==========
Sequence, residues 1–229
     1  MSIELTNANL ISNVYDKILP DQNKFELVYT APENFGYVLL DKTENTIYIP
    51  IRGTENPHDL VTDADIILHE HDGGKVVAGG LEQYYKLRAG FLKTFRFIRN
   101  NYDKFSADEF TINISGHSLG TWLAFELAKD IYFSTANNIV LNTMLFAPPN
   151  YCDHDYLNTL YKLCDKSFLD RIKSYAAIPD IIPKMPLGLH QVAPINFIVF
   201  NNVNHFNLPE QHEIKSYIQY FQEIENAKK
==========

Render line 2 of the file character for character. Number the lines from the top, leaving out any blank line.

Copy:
     1  MSIELTNANL ISNVYDKILP DQNKFELVYT APENFGYVLL DKTENTIYIP